It must be news. Somebody just tweeted it / by Victor Currie

Earthquakes, unlike so much of what pseudo-information is foisted upon us, actually qualify as news. Especially having watched all the recent footage from Haiti and Chile, when the ground starts shaking, the first instinct of those of us in the pushing-50 bracket is to turn on the TV and see what the stations are playing.

To put this into perspective—it's a long while since I've worked in a newsroom—in the olden days of the 80s, I remember being in the newsroom at KTTV Channel 11 (in the Pre-Fox days) when Anwar Sadat was assassinated, and even our little skeleton crew of weekend news gatherers went into overdrive to deal with the story, and since there was only one live international feed coming in we were continually dealing with when to cut away if it looked like the bloodshed was going to be too much for the viewers.

The point I'm getting to is that when the story broke, there were people in the newsroom to cover it, even though it was the weekend.  These days, the local LA stations just continued on with the sport recaps until someone was available to go on air.

So we switched to CNN and Fox News.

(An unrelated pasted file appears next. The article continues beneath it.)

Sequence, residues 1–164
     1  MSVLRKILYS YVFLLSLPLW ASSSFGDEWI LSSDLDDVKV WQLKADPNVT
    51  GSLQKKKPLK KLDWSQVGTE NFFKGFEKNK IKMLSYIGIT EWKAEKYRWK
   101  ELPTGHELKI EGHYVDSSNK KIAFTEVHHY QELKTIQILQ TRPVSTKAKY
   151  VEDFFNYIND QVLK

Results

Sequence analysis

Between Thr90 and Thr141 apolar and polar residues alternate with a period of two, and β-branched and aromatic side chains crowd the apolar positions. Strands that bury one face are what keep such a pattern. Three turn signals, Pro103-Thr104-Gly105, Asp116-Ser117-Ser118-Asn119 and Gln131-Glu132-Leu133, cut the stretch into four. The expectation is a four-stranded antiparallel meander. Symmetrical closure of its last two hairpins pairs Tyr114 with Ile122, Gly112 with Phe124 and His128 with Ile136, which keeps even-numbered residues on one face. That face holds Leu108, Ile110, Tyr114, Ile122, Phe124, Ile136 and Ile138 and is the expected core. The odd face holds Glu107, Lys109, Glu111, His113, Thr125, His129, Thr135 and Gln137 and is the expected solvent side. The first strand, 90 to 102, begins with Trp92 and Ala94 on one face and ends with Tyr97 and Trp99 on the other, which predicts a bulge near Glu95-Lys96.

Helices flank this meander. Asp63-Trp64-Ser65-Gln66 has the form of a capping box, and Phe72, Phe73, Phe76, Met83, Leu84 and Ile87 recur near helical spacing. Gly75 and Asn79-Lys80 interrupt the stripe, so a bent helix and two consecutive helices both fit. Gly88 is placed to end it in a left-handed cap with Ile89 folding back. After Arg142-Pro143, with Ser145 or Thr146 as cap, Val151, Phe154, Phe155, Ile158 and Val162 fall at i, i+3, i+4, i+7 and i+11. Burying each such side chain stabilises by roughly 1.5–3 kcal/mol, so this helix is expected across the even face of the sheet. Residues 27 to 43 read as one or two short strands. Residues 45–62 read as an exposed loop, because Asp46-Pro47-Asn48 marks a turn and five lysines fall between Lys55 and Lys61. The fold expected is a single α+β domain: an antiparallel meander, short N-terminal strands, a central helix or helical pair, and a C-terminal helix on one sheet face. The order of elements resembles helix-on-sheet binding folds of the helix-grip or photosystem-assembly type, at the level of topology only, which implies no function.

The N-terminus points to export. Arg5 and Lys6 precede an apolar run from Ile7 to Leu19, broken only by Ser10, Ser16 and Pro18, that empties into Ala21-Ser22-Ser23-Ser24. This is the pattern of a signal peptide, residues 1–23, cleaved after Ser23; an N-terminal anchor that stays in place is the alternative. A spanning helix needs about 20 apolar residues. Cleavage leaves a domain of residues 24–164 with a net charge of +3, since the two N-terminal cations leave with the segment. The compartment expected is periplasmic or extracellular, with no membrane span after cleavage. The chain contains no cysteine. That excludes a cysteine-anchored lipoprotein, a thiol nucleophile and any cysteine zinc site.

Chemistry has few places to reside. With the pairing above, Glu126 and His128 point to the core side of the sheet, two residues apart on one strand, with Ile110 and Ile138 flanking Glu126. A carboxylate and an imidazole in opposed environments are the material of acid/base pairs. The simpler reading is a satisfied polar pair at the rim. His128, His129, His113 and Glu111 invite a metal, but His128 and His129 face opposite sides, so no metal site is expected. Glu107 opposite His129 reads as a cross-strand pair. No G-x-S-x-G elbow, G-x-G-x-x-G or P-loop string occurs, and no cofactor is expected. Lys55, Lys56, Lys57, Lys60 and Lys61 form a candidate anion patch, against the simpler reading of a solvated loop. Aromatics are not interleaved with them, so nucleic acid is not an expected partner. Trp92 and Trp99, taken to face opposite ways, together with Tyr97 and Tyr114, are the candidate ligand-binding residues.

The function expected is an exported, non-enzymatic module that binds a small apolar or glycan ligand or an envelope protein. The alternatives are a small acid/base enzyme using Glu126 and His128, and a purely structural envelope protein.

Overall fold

Did they have reporters ready to go on? Well, not exactly. They had their anchors (all of whom proved they can adlib, which was a nice surprise), and they had Twitter feeds and Google Maps.

This is where social media is pretty amazing. Obviously, there are no network news bureaus in Calexico (heck, ABC's even closing down their bureau in Los Angeles), so the majority of reports that came out after the earthquake happened in 140 characters or less, with an occasional TwitPic for additional color.

Reporters, with nobody to interview, instead were assigned to sit at a desk and tell the audience over and over what they saw on Google Maps about where aftershocks were taking place.

So basically, with all the massive resources of the network news operations, they went to air for hours with the same information I could have put out if I set a camera up in the garage and fed it out. 

That, in a nutshell, is both amazing, and a little sad if like me you bemoan the slow fade of broadcast news.  I think I'm going to go watch Network now... on LaserDisk just to be nostalgic.